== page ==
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      Overexpression of chitotriosidase and YKL-40 in peripheral blood and sputum of healthy smokers and patients with chronic obstructive pulmonary disease

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          Despite the absence of endogenous chitin in humans, chitinases are present in the serum of healthy subjects and their levels are increased in a variety of chronic inflammatory conditions. It has been shown that chitotriosidase and structurally related chitinase-like protein-YKL-40 contribute to the pathogenesis of COPD. However, details regarding the relation of their systemic and local airways levels remain unknown.


          To examine peripheral blood and sputum chitotriosidase and YKL-40 expression in smokers and patients with COPD.


          Forty patients with COPD, 20 healthy smokers and 10 healthy never-smokers were studied. Serum and induced sputum chitotriosidase protein and activity levels, YKL-40 concentrations, and their gene expression in sputum cells and peripheral blood mononuclear cells (PBMC) were evaluated.


          Both chitotriosidase protein levels and activity were higher in sputum obtained from COPD subjects compared to healthy never-smokers ( P<0.05 and P<0.01, respectively). A similar pattern was observed for PBMC chitotriosidase mRNA expression ( P<0.001). YKL-40 serum concentrations were elevated in healthy smokers and COPD subjects compared to healthy never-smokers ( P<0.001 and P<0.01, respectively). In sputum, YKL-40 levels were increased in COPD compared to healthy never-smokers ( P<0.01). PBMC YKL-40 mRNA expression was increased in COPD and healthy smokers compared to healthy never-smokers ( P<0.0001). No associations were found between chitotriosidase or YKL-40 peripheral blood levels and sputum levels.


          Our results demonstrate that chitotriosidase and YKL-40 are overexpressed in peripheral blood and airways in both healthy smokers and COPD subjects which may indicate smoking-related activation of macrophages, neutrophils, and epithelial cells.

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          Most cited references 67

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          Chronic obstructive pulmonary disease.

           Chris Barnes (2000)
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            Studies on serum YKL-40 as a biomarker in diseases with inflammation, tissue remodelling, fibroses and cancer.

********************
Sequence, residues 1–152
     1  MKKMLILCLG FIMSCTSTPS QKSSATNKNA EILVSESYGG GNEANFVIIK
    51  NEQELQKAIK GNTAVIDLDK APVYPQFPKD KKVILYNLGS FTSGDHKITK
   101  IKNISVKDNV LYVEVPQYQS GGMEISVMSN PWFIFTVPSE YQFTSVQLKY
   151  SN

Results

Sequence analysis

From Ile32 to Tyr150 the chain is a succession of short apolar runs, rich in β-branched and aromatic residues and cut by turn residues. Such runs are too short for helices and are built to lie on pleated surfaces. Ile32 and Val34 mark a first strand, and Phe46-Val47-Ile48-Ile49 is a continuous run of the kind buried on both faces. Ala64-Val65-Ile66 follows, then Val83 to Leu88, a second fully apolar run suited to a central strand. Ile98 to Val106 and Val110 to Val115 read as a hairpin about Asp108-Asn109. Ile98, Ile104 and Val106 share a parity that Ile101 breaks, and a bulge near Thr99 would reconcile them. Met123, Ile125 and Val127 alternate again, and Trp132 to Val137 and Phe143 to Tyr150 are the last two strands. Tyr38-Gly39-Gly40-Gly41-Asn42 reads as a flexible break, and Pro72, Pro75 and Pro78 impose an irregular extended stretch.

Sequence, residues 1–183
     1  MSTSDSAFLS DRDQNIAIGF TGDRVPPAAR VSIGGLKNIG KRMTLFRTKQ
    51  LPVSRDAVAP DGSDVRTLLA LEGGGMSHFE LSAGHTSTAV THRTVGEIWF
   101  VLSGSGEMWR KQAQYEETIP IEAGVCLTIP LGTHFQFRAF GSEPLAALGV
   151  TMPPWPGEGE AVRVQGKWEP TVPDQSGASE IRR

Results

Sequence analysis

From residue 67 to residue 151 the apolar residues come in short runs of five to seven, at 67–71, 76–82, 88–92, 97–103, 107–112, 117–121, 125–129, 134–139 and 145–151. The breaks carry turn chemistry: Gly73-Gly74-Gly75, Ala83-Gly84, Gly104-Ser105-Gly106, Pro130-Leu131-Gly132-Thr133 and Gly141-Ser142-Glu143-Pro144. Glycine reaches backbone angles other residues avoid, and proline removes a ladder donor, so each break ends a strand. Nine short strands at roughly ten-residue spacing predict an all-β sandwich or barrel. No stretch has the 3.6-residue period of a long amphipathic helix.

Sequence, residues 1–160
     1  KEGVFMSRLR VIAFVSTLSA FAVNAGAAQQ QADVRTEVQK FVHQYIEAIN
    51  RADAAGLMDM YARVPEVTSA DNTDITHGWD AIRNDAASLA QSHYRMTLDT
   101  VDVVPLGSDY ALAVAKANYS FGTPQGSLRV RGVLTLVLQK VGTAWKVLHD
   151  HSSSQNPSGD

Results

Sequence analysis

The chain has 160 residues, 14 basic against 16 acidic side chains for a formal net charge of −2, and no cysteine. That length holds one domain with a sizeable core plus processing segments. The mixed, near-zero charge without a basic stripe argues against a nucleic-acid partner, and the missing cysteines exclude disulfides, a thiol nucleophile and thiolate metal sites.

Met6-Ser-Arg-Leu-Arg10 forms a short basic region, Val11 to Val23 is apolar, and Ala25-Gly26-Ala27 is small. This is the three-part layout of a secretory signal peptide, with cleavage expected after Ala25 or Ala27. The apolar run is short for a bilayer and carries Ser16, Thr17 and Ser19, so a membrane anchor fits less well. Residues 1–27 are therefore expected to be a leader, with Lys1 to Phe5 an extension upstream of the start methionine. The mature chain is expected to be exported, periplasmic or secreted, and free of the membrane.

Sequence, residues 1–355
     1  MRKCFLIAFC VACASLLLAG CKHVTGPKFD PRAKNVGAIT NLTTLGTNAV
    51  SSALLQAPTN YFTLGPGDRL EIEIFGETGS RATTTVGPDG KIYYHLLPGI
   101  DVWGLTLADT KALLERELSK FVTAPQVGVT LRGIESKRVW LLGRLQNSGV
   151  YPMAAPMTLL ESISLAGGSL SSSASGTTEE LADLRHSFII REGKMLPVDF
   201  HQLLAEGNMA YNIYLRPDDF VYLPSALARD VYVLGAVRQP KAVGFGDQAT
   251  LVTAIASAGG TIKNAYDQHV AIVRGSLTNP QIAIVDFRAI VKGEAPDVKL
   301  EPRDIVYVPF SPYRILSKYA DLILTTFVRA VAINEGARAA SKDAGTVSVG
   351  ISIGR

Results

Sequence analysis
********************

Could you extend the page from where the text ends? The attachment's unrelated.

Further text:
Isik Johansen (2006)
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              YKL-40, a secreted glycoprotein, promotes tumor angiogenesis

              Tumor angiogenesis is of paramount importance in solid tumor development. Elevated serum levels of YKL-40, a secreted heparin-binding glycoprotein have been associated with a worse prognosis from a variety of advanced human cancers. Yet the role of YKL-40 activity in these cancers is still missing. Here, we have shown that ectopic expression of YKL-40 in MDA-MB-231 breast cancer cells and HCT-116 colon cancer cells led to larger tumor formation with an extensive angiogenic phenotype than did control cancer cells in mice. Affinity purified recombinant YKL-40 protein promoted vascular endothelial cell angiogenesis in vitro, the effects similar to the activities observed using MDA-MB-231 and HCT-116 cell conditioned medium after transfection with YKL-40. Further, YKL-40 was found to induce the coordination of membrane-bound receptor syndecan-1 and integrin αvβ3 and activate an intracellular signaling cascade including focal adhesion kinase and MAP kinase Erk1/2 in endothelial cells. Also, blockade of YKL-40 using siRNA gene knockdown suppressed tumor angiogenesis in vitro and in vivo. Immunohistochemical analysis of human breast cancer revealed a correlation between YKL-40 expression and blood vessel density. These findings provide novel insights into angiogenic activities and molecular mechanisms of YKL-40 in cancer development.

                Author and article information

                Int J Chron Obstruct Pulmon Dis
                Int J Chron Obstruct Pulmon Dis
                International Journal of Chronic Obstructive Pulmonary Disease
                22 July 2019
                : 14
                : 1611-1631
                [1 ]Department of Pneumology and Allergy, Medical University of Lodz , Lodz, Poland
                [2 ]Department of General and Oncological Pulmonology, Medical University of Lodz , Lodz, Poland
                [3 ]Department of Molecular Bases of Medicine, Medical University of Lodz , Lodz, Poland
                [4 ]Central Scientific Laboratory (CoreLab), Medical University of Lodz , Lodz, Poland
                Author notes
                Correspondence: Sebastian MajewskiDepartment of Pneumology and Allergy, Medical University of Lodz , 22 Kopcinskiego Street, 90-153Lodz, PolandFax +48 42 678 2129Email sebastian.majewski@
                © 2019 Majewski et al.

                This work is published and licensed by Dove Medical Press Limited. The full terms of this license are available at and incorporate the Creative Commons Attribution – Non Commercial (unported, v3.0) License ( By accessing the work you hereby accept the Terms. Non-commercial uses of the work are permitted without any further permission from Dove Medical Press Limited, provided the work is properly attributed. For permission for commercial use of this work, please see paragraphs 4.2 and 5 of our Terms (

                Page count
                Figures: 9, Tables: 3, References: 78, Pages: 21
                Original Research

                Respiratory medicine

                chitotriosidase, chit1, ykl-40, chitinase, chitin-like protein, copd


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